Click the following link if you would like to read the first installment, told from Kendall’s point-of-view, before you continue with Cyan’s story written below.
I had no compassion for my daughter, Kendall.
It exited stage left six years ago after a near-fatal car accident, the shards of the windshield glass piercing my body. The scars healed into a haphazard pattern of Orion’s belt.
Kenny, my late husband and Kendall’s father, used to stare up at the night sky on humid summer nights and pick out the constellations. It’s funny how on the night he steered our car into a path of oncoming traffic on I-4, with Kendall crying out for help in the back seat, Orion’s constellation was the last thing I saw before my consciousness flickered out.
Orion must have shot his arrow through our car’s windshield.
Kenny wasn’t quite right in the head when he came back from Afghanistan. I knew it, but I tried to love it out of him. I couldn’t love the craziness out of him, so I gave up on loving. It was overrated, just like Kendall’s ranting and raving over me going out.
Now that I thought about it, her behavior was reminding me of Kenny. But she was no war veteran. She was just a thirteen-year-old, trying to be too fresh and smell herself. I slid my cigarette between my lips and blew a cloud of smoke into her face, daring her to speak, forcing her to move back.
Kendall coughed and leaned against the armoire. Her chest heaved in huffs.
I repeated my question. “When did you get grown?”
Kendall regained her breath and said, “A year after Dad’s death when you left me home alone for two weeks.” She pointed to the long, black burn mark that began at her hand and wrapped around her forearm. Kendall said, “Little kids should get nicks and scratches from playing outside, not playing house.”
I didn’t have time for this. I pried Jamila’s claws from digging into my ankles and tossed her on the bed and moved back in front of the mirror. I smoothed down my side-swept bang with hair gel and pinned the middle section of my hair into a beehive hump. “You survived. What doesn’t kill you makes you stronger and teaches you to fend for yourself.”
That’s what I wished my parents would have done for me. We stayed in one of those subdivisions in Southeast Orlando off Curry Road not too far from Lake Underhill. My parents sent me to a private school and gave me the best of everything in life. I had no responsibilities. I was an only child, and their wish for me was to go to college and make something out of my life. I fell in love with Kenny and got pregnant at seventeen.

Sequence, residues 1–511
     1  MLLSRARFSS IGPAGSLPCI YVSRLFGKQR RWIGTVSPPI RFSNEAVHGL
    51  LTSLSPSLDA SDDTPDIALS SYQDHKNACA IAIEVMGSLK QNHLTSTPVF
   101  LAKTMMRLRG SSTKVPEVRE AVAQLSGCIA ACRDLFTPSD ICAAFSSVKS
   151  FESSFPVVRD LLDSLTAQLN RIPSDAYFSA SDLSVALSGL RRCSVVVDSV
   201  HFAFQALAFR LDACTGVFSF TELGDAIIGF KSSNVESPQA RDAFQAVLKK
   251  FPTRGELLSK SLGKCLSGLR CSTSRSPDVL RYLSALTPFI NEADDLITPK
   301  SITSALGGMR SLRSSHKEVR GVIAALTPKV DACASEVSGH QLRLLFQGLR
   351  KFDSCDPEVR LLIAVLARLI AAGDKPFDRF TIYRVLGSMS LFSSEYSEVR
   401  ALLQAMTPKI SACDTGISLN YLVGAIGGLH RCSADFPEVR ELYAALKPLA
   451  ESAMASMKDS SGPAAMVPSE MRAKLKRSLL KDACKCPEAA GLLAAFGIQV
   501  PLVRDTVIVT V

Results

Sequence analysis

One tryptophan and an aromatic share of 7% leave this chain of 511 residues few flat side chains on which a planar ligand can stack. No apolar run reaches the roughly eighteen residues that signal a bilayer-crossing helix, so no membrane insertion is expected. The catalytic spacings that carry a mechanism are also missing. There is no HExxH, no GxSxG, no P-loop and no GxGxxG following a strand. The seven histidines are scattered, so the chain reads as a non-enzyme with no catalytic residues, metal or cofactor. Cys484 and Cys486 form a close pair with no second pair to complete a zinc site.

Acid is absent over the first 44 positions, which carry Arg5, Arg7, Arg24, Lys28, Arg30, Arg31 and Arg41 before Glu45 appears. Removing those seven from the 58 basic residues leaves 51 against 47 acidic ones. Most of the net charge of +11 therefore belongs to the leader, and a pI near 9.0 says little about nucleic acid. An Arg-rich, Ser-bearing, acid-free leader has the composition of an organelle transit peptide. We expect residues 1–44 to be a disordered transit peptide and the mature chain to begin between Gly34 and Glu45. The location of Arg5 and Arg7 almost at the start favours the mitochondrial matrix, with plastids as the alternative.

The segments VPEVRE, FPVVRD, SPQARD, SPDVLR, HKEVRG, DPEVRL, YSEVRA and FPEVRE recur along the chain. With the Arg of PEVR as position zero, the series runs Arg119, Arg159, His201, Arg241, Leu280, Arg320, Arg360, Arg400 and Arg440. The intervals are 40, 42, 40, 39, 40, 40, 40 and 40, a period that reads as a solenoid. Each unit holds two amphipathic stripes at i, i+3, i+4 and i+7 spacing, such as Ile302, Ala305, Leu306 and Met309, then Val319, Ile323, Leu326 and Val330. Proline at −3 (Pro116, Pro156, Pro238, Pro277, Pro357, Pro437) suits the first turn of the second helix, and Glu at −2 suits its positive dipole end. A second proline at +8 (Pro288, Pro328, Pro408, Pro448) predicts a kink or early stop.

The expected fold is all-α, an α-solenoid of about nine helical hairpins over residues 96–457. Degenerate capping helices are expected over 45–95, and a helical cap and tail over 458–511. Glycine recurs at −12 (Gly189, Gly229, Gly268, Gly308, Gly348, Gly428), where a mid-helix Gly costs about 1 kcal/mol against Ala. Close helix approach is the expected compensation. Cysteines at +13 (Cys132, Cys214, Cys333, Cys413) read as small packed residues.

Kenny and I got married at the courthouse, and he entered the U.S. Navy shortly after graduation. I dropped out of high school and became a Navy wife living on the base. I depended on him for everything. If I had thought about myself, I wouldn’t have ended up in the hospital fighting for my life. I wouldn’t have ended up here.
Kendall rocked Jamila in her arms. She looked like a younger version of me, those nights when Kenny was out to sea, a child trying to quell the cries of a colicky newborn, the blind leading the blind. Jamila drifted off to sleep. Kendall propped two pillows on the bed with one hand and laid the two-year-old on top of them with the other.
The corner of the picture frame hanging above the bed poked Kendall in the forehead as she stood up. She brushed her fingers along the blown-up, black-and-white photograph of her and me. We took the picture and sent it to Kenny a month after she was born. He was such a proud papa when the boat pulled into port, waving that 3×5 in his hand and rushing us the next day to the neighborhood photographer’s studio to get it done the way it hung on my wall now.
I heard three short beeps of Ray’s car horn followed by one loud, drawn-out one. Loverboy is quite the impatient one.
I opened my Louis Vutton purse, the one my gentleman caller downstairs gave me, straightened out the crumpled $20 bill and said, “ Kendall, it is almost 11p.m. Get Troy off that devilish Xbox and send him to the store up the street. Get some of that honey ham lunchmeat, a loaf of bread and anything else you can think of to hold all of you until I come back tomorrow.”
I could have sworn that I heard Kendall sniffle. She hasn’t cried since the day of the accident. Kendall yanked the photo down and smashed it against the nightstand. Here we go, I thought, more theatrics before I head out. I said, “Kendall, have you lost your mind?”
Kendall snatched the money out of my hand and stormed out of the room and said, “No, only my mother.”
Before I could catch her, she had already slammed and locked her bedroom door. I said, “You better have that mess cleaned up before I get back.”
As I sat in the passenger seat, I immediately forgot about what just happened and who I was. The way I had always dealt with my life.
Copyrighted and All Rights Reserved to Alexandra Caselle. This is an original young adult story.